Sunday, September 28, 2014

How we got to NOW (video)

CC Liu, Amber Larson, Wisdom Quarterly;Weekend Edition Sunday
Droney and the Man on "This Modern World" (Tom Tomorrow/
(PBS) Discover the extraordinary in the ordinary. How Zen. Join author Steven Johnson for a 6-part series that explores the power and legacy of great ideas. Hear the stories behind the remarkable ideas that made this modern world possible, the heroic unsung who brought them about, and the unexpected and bizarre consequences each triggered.

Celebrating the History and Power of Great Ideas: Six-Part Series to Premiere in Fall 2014 on PBS
How We Got to Now (Steven Johnson)
LOS ANGELES, California - PBS announced the premiere of HOW WE GOT TO NOW with Steven Johnson in fall 2014. 

The six-part series, to be produced for PBS by Nutopia and hosted by the popular American science author and media theorist, explores the power and the legacy of great ideas. 

Topics explored in the series include why and how ideas happen and their sometimes unintended results, including:
  • how Gutenberg and the printing press led to reading on a wider scale in Europe and the realization that many Europeans are farsighted and suddenly in need of spectacles, which opened the way for lots of experts glass works, which gives rise to developments in biology and astronomy due to microscopes, telescopes, cameras lenses, great mirrors and self-reflection,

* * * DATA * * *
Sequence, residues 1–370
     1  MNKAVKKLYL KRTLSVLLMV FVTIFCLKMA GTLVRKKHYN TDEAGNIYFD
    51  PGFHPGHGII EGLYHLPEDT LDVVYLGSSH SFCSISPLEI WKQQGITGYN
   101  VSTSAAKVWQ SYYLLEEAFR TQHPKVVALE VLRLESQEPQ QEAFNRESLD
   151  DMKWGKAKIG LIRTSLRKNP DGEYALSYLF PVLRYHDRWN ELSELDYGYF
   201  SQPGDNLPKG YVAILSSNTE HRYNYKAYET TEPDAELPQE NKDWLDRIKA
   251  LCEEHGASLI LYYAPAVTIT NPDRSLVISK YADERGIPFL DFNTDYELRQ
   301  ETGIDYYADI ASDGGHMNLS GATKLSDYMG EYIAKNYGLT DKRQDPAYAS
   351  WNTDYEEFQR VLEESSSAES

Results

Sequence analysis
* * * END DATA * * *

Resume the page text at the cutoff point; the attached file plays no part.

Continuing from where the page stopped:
• how Lee Deforest invented the radio broadcasting to broadcast music, but not the classical music he loved and instead the jazz he hated,
  • how someone invented the phonograph, but his patent failed to include a feature to "play" what it could successfully record (enter Edison to hog up all the credit),
  • how the search for clean water opened the way to invention of the iPhone,
  • how the nagging problem of overheating in a New York printing business led to the invention of air conditioning, which inspired mass migration and a political transformation.
TV show host Steven Johnson (PBS)
Johnson explains the answers to the questions he poses in each episode.

For example, “How do we make something cold?” or “How do we create light?” And how have they driven other discoveries through the web of ideas and innovations -- the unintended consequences -- that made each finding possible? Were some foreseeable?

Drone Warfare (amazon)
Tracking each pursuit through history both ancient and contemporary, Johnson unlocks tales of unsung heroes and radical revolutions that changed the world and the way we live in it.
“PBS’s science programs explore the big, intriguing questions,” said Beth Hoppe, Chief Programming Executive and General Manager of General Audience Programming for PBS. “With the innovative new series HOW WE GOT TO NOW, we’re exploring humankind’s insatiable desire to find answers, invent solutions and make the world a better place.” More
NPR: Glass to Artificial Light: Innovations that Got Us to "Now"
NPR's Linda Wertheimer speaks to Stephen Johnson about his new book and TV series, How We Got to Now. He looks at six innovations that he thinks shaped the modern world.
Droney and the children on "This Modern World" (Tom Tomorrow/

WE SAY NO - Drone Warfare: Killing by Remote Control (

A Parrot Bebop drone flies during a demonstration in May in San Francisco.
I'm not just a spy stealing your privacy, I make better Hollywood cinematography, keeping an eye on poachers, polluters, border crossers, protesters, and kill lots of soldiers. You'll love me. Anyway, you can't stop me! I've got my eye on you.
Droney on "This Modern World" (Tom Tomorrow/

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